Mr Davis (60), who made the plea in a co-operation agreement with authorities, was subdued as he pleaded “guilty, your honor” to three felony counts, including fraud and obstruction. He agreed to forfeit $1 billion. The charges against him carry a maximum prison term of 30 years.
Philip Hilder, who represented Enron whistleblower Sherron Watkins, said the authorities were “hanging a carrot” over Mr. Davis, implying “the more he co-operates, the more time he will get off'”. Mr. Davis will not be sentenced until the case against Sir Allen has been tried, according to Mr. Hilder, so the authorities can judge how well he co-operated. Sir Allen has pleaded not guilty to all the allegations against
Interview with Philip Hilder on sentencing of Rey Guerra
Published: August 28, 2009 Action 4 News
Guerra walked out of the Federal Courthouse in McAllen after being sentenced to five years and four months in prison. Philip H. Hilder, Guerra’s defense attorney, says Guerra accepted his responsibility and accepted the fact that he crossed the line and he is prepared to pay the price for that. “I think things went extremely well,” Hilder told Action 4 News. “The sheriff is satisfied with the sentence given by the court and I’m satisfied as well that justice has been done. “The sentence comes after the 52-year old lawman pleaded guilty back in May to conspiring to possess with intent to distribute controlled substances.
Texas drug ring members sentenced to prison include sheriff, teacher
Published: August 28, 2009 The Associated Press
A former South Texas sheriff, represented by Philip Hilder, and a Houston elementary school teacher were among 11 people sentenced to prison Thursday for their role in a conspiracy that moved marijuana and cocaine from Mexico, through Houston and as far as Delaware.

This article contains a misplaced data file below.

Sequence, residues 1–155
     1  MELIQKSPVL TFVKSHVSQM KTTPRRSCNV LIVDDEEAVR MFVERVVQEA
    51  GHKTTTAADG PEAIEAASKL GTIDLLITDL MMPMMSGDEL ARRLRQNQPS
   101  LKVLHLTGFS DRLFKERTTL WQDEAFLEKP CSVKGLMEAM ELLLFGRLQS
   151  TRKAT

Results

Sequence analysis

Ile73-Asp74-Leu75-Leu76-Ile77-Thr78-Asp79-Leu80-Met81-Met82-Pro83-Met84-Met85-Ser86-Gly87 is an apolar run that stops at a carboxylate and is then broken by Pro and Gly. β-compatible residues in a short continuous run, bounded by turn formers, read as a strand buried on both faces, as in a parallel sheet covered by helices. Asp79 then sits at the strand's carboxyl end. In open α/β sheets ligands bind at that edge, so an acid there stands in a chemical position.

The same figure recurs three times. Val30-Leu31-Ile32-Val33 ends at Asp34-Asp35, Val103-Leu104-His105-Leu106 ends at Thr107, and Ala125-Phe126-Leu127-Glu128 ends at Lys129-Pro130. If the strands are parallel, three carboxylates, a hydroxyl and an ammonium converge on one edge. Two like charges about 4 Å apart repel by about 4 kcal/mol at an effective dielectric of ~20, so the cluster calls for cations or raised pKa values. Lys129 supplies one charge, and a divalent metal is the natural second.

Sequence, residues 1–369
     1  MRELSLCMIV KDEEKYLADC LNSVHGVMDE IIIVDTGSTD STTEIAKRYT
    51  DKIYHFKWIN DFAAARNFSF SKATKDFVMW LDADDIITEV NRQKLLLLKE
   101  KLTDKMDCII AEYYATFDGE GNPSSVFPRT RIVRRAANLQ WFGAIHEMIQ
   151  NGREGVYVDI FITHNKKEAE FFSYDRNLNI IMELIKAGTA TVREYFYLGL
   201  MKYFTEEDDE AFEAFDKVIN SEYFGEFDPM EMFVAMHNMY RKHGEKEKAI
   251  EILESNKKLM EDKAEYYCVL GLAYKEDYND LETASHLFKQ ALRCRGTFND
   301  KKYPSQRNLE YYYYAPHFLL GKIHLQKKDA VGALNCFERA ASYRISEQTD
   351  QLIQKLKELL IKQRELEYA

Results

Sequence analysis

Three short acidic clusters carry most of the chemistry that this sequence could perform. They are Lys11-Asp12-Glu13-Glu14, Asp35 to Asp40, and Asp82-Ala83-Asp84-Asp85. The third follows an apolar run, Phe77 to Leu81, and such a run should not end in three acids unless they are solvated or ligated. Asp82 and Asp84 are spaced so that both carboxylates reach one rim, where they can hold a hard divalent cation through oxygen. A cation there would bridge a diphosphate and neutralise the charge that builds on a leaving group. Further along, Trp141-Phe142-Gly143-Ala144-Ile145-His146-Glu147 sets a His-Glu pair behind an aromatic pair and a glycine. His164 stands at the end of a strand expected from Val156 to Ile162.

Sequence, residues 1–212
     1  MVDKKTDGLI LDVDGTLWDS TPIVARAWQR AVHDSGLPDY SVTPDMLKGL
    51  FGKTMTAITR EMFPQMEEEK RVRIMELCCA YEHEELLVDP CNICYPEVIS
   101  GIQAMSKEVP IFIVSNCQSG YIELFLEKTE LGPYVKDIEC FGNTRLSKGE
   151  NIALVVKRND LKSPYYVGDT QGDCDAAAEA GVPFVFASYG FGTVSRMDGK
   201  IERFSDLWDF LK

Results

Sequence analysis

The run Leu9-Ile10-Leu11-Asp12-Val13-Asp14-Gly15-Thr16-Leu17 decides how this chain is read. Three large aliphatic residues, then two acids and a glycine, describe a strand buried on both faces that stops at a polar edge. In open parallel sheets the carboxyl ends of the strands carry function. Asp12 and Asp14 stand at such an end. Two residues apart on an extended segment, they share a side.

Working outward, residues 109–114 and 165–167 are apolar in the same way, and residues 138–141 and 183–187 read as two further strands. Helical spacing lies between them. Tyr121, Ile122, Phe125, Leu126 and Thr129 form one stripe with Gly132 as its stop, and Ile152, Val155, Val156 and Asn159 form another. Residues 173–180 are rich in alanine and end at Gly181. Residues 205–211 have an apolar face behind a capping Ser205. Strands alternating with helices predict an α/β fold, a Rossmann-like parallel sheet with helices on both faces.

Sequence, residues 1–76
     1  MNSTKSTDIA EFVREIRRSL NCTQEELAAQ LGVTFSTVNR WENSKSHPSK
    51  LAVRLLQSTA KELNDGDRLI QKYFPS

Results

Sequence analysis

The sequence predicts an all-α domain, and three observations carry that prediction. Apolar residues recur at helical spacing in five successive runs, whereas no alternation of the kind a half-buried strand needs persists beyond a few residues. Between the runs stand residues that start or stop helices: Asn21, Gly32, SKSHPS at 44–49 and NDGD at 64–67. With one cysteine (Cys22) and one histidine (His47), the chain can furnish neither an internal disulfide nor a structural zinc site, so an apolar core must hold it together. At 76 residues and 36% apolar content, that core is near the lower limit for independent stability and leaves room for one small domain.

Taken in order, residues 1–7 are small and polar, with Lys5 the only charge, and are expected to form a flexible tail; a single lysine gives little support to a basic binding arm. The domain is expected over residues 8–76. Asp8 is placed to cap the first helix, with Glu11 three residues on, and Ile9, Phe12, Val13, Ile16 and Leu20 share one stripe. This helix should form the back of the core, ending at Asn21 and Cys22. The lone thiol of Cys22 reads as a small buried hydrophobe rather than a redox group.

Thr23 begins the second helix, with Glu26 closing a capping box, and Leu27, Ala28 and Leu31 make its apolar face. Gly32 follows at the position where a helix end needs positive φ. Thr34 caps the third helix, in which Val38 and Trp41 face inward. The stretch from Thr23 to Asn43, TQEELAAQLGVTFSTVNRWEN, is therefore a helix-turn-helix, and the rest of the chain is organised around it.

Former Starr County Sheriff Reymundo Guerra was sentenced Thursday to five years and four months in federal prison for helping Gulf Cartel operatives move marijuana and cocaine through his remote border county. “The sheriff was satisfied with the sentence,” said defense attorney Philip Hilder. “As the judge said, even though he was high-profile, he had a minor role.”
Ex-sheriff sentenced to five years for role in drug smuggling plot
Published: August 27, 2009 The Monitor
Reymundo “Rey” Guerra, represented by Philip Hilder, pleaded guilty to one count of drug trafficking conspiracy in May. The 52-year-old lawman – who resigned his post after his arrest – admitted to leaking sensitive law enforcement intelligence and bungling his own department’s investigations in exchange for cash payments from one of Miguel Alemán’s top narcotics smugglers. Guerra’s 64-month sentence falls below the eight to 10 years recommended under federal sentencing guidelines, but Crane justified the departure by noting the minor role the sheriff played in the overall drug trafficking network and his willingness to aid federal investigators after his arrest.